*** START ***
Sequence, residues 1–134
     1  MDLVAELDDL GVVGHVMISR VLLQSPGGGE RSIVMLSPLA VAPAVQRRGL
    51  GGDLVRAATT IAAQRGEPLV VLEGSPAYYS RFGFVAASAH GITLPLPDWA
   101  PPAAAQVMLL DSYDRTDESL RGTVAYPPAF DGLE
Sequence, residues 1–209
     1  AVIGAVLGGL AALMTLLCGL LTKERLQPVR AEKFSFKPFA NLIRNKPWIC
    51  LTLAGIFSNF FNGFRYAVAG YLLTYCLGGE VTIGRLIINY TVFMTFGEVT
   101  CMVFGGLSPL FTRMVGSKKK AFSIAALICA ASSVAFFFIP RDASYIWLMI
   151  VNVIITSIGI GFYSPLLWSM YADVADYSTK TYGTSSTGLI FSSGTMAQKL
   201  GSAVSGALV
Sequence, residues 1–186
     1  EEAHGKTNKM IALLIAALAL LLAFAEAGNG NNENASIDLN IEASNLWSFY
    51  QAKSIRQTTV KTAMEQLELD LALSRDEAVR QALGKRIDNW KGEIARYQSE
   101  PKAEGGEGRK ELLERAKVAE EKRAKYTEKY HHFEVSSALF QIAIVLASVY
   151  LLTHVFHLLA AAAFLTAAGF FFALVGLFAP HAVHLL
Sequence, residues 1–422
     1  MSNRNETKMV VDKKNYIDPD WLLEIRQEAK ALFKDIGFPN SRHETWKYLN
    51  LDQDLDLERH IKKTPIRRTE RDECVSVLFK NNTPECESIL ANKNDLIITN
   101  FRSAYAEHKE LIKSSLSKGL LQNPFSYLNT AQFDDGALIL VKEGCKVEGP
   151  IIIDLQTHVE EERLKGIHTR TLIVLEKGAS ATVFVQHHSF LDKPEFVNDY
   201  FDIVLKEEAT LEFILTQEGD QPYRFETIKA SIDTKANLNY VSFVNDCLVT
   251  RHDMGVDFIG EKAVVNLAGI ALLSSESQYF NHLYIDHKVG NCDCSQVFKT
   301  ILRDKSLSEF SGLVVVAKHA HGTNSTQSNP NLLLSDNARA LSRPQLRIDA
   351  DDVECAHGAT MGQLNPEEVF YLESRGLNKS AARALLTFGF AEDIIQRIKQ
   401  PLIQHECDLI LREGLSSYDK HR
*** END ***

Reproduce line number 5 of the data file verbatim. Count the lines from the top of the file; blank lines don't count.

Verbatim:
Sequence, residues 1–209